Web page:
Certainly, some economists and policymakers have pushed in other directions. Some policies have sought to let markets run riot—especially across borders. But the idea that markets frequently fail and government must step into the breach is among the most widely held in U.S. political economy and often the one that emerges victorious. Indeed, Naidu, Rodrik, and Zucman are so dedicated to the standard model of describing and correcting market failures that Rodrik’s own proposal is “distinctive” from the others because he “gives an explicitly pro-social justification for restrictions on trade, not trying to clothe the protectionism in terms of ameliorating some other externality or market failure.”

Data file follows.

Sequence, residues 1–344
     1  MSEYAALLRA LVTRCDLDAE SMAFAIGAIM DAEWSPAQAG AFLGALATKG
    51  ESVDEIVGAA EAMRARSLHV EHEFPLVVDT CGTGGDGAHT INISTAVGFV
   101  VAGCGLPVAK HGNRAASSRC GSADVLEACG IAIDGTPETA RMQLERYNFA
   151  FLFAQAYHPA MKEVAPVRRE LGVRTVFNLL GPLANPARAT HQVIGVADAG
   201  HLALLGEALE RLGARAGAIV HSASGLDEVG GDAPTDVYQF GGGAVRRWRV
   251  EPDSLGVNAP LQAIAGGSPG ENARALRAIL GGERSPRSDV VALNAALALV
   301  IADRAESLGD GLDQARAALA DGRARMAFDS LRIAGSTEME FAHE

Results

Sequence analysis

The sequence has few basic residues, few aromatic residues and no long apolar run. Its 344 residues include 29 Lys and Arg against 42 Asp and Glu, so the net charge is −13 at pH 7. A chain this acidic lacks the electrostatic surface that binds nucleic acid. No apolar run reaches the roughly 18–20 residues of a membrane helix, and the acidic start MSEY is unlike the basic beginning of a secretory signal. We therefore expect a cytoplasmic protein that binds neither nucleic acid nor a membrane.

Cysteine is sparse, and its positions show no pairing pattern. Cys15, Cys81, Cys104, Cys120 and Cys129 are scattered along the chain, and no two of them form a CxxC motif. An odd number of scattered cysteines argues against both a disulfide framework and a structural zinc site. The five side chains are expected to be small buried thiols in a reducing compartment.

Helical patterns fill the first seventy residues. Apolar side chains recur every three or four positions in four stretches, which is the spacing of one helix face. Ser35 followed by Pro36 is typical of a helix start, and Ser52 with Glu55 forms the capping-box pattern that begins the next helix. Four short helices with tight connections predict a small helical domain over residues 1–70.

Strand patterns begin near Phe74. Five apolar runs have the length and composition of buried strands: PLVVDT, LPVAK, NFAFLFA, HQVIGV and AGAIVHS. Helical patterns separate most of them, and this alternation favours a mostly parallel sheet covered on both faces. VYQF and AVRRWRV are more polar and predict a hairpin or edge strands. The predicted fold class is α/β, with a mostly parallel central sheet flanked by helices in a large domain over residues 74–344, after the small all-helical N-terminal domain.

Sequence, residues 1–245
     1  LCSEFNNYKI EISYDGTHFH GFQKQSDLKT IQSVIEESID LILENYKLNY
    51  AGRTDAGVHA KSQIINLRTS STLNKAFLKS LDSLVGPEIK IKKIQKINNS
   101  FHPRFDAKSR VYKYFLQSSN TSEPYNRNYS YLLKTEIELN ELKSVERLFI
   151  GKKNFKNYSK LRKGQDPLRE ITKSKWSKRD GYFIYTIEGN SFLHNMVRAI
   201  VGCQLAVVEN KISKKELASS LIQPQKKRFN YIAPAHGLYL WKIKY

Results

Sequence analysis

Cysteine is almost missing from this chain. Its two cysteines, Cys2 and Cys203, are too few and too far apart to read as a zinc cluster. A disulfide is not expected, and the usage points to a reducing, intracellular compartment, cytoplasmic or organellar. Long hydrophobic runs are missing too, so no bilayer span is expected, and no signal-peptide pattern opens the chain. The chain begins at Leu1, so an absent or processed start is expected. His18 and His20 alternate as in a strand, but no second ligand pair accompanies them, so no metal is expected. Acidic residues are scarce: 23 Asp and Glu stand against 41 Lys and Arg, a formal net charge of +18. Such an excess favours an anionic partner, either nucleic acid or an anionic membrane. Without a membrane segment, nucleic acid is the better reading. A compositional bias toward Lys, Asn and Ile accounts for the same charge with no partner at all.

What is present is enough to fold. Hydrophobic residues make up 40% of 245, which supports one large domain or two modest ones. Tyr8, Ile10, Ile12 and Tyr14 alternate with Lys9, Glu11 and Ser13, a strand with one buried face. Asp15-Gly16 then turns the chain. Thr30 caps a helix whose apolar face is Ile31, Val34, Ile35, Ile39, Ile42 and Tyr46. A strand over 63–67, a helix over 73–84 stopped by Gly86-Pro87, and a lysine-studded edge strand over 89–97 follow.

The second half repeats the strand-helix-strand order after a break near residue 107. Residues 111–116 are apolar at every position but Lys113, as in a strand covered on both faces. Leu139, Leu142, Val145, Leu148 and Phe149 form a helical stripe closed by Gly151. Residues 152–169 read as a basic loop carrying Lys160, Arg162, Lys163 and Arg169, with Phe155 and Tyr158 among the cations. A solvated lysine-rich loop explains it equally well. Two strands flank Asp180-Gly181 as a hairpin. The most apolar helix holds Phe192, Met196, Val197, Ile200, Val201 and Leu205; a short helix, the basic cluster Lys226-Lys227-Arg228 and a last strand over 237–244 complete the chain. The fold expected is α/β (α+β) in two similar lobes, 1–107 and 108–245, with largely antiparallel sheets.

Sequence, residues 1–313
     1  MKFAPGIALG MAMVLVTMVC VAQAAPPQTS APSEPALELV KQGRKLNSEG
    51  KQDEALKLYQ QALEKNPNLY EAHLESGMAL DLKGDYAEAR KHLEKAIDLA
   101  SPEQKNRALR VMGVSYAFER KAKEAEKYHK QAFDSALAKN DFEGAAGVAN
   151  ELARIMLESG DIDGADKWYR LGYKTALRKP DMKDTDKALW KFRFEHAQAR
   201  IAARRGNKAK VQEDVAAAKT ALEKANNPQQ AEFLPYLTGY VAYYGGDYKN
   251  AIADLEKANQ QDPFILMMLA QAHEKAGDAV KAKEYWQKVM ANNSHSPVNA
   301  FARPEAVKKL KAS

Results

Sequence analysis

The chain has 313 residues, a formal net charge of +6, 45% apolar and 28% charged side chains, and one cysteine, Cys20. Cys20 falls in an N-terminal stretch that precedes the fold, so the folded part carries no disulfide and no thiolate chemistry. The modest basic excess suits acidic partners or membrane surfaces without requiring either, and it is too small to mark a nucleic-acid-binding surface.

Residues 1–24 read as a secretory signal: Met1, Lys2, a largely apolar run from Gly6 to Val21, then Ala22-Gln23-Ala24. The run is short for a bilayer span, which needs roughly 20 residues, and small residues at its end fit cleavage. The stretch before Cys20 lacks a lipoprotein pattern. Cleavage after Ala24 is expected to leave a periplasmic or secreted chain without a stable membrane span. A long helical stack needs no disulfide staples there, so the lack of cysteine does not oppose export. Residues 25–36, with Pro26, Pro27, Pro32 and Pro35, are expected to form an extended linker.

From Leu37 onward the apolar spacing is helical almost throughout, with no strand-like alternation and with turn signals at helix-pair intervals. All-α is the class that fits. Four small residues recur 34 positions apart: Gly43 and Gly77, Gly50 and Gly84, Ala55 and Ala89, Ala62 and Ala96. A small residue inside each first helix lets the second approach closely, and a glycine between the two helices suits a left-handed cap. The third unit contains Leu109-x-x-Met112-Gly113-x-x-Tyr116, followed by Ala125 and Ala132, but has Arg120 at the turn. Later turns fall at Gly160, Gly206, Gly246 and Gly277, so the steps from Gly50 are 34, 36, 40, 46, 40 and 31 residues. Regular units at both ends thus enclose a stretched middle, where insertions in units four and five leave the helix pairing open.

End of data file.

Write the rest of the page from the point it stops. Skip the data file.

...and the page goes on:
What has tended to separate left and right in responding to market failures is disagreement not over their existence, but rather over government’s capacity to respond effectively. Naidu, Rodrik, and Zucman exhibit little interest in this countervailing possibility of government failure, instead lamenting that “even when some economists recognize market failures, they worry government action will make things worse.” A call to solve market failures without concern for government failures is not economics after anything; it is economics dug into a trench on the frontlines of a thirty-year political war.